The Internal Revenue Service on Nov. 27 issued Revenue Procedure 2007-70, which updates the standard mileage rate to use in 2008 in computing the deductible costs of operating a personal vehicle for business purposes.
This update further amplifies the importance of Revenue Ruling 2006-56, in which the IRS applied the per diem and accountable plan rules outline in Rev. Proc. 2007-63, and deemed what constitutes a long-haul trucking company’s per diem reimbursement plan as abusive under the accountable plan rules. Rev. Proc. 2007-70 specifically mentions Rev. Ruling 2006-56 as guidance for treatment of excess mileage reimbursements made under a deemed abusive accountable plan.
Rev. Proc. 2007-63 addresses excess per diem payments that are not tested, along with what happens when they are tested by the IRS and it is determined that excess per diem was paid and was not reimbursed by the driver back to the company or added back to the driver’s W-2 income on at least a monthly basis. Rev. Proc. 2007-63 addresses the circumstances where a pattern of abuse may exist, and the penalties that may apply if the abuse is so determined.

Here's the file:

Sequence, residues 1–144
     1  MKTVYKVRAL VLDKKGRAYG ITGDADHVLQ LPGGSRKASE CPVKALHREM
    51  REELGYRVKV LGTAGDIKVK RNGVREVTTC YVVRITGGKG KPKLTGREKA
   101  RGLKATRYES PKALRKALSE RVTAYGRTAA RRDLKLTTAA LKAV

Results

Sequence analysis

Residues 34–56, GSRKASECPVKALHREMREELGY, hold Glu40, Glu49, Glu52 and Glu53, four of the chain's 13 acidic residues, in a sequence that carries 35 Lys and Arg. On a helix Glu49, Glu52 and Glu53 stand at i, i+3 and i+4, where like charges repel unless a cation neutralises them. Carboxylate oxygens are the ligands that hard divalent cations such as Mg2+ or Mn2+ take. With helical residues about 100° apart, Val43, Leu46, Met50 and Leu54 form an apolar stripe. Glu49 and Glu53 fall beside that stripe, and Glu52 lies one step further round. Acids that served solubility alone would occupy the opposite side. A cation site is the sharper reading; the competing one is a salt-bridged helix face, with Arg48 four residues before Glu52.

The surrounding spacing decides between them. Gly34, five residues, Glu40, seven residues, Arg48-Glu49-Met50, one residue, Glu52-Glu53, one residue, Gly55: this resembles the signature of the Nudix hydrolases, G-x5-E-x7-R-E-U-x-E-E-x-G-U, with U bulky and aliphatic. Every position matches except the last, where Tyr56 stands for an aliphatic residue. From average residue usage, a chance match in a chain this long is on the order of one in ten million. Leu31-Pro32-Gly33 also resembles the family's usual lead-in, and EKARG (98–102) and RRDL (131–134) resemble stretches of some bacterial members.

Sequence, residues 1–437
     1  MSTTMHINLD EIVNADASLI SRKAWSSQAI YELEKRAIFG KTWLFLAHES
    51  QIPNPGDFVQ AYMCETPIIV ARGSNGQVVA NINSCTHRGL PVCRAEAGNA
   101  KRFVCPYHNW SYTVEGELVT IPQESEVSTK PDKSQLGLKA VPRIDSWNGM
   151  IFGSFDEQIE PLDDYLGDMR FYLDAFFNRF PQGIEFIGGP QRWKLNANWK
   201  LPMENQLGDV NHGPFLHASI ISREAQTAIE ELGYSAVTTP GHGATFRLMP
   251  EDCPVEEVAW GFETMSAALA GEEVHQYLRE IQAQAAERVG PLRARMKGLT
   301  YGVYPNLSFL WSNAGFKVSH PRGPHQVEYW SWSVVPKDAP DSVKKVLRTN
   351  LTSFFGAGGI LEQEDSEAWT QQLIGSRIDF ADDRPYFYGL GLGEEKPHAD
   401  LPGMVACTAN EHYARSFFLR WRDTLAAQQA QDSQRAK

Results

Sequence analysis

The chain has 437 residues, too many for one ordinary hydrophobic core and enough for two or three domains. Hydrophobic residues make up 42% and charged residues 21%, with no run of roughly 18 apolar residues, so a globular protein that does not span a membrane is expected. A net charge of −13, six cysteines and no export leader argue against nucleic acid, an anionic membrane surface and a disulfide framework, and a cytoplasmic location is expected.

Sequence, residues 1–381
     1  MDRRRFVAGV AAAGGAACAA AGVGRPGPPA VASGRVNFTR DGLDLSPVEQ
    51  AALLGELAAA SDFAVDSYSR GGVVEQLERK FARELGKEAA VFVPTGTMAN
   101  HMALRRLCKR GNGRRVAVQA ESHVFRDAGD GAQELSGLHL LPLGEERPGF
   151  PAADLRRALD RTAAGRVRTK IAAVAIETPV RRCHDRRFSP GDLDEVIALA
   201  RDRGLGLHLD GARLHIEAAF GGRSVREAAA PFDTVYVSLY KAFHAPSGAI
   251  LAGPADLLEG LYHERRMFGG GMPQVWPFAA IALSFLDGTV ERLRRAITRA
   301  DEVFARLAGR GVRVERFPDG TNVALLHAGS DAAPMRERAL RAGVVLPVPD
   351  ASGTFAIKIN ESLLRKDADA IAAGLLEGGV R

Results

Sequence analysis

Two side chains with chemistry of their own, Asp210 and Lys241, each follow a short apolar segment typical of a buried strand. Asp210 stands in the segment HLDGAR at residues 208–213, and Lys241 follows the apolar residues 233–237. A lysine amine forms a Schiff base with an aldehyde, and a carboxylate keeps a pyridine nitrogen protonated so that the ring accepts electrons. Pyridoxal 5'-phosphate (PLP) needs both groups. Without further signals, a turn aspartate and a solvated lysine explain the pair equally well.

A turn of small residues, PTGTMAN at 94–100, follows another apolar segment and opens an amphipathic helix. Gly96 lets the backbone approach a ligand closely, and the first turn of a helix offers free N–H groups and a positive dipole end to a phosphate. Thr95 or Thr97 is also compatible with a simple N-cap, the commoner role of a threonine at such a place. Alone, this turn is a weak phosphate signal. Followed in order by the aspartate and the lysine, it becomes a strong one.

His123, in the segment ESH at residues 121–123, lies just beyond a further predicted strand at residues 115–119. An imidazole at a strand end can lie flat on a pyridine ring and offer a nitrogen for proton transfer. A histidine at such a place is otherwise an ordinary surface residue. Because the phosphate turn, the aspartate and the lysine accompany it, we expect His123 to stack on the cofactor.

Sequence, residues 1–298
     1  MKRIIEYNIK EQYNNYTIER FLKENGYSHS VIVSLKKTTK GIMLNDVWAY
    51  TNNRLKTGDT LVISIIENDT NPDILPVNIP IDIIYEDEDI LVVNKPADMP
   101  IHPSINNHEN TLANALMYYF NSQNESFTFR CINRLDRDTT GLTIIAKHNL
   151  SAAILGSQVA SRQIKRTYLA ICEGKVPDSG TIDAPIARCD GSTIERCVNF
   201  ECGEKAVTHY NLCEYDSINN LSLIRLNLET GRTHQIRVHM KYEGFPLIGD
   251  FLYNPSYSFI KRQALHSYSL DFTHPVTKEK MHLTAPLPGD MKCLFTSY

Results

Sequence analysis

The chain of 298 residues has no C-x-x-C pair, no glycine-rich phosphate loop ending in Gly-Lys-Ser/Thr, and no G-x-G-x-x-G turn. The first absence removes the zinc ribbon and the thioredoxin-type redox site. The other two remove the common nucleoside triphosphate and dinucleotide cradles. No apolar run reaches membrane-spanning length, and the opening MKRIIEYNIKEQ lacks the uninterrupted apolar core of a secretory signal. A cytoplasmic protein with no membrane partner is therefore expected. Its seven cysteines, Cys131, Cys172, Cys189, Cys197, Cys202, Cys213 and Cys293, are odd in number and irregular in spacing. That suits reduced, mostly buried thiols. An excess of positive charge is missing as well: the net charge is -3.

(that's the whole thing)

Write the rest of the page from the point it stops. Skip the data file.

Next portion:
The result would be a total disallowance of all per diem payments as a reimbursement cost, and require all per diem payments to be treated as W-2 income. An incorrect reporting of a driver’s W-2 would result in the drivers having to file amended returns, which could cost the company a significant amount of money in payroll taxes, penalties, interest and increases in worker’s compensation premium due to the increased wages.
The IRS has stated that it will begin strictly enforcing the accountable plan rules for plan years beginning on or after Jan. 1.
The IRS also recently announced that the standard mileage rates for use of automobiles and light trucks will be 50.5 cents per mile for business miles driven, effective Jan. 1. Vehicles used for hire and certain depreciated and expensed are among the exclusions.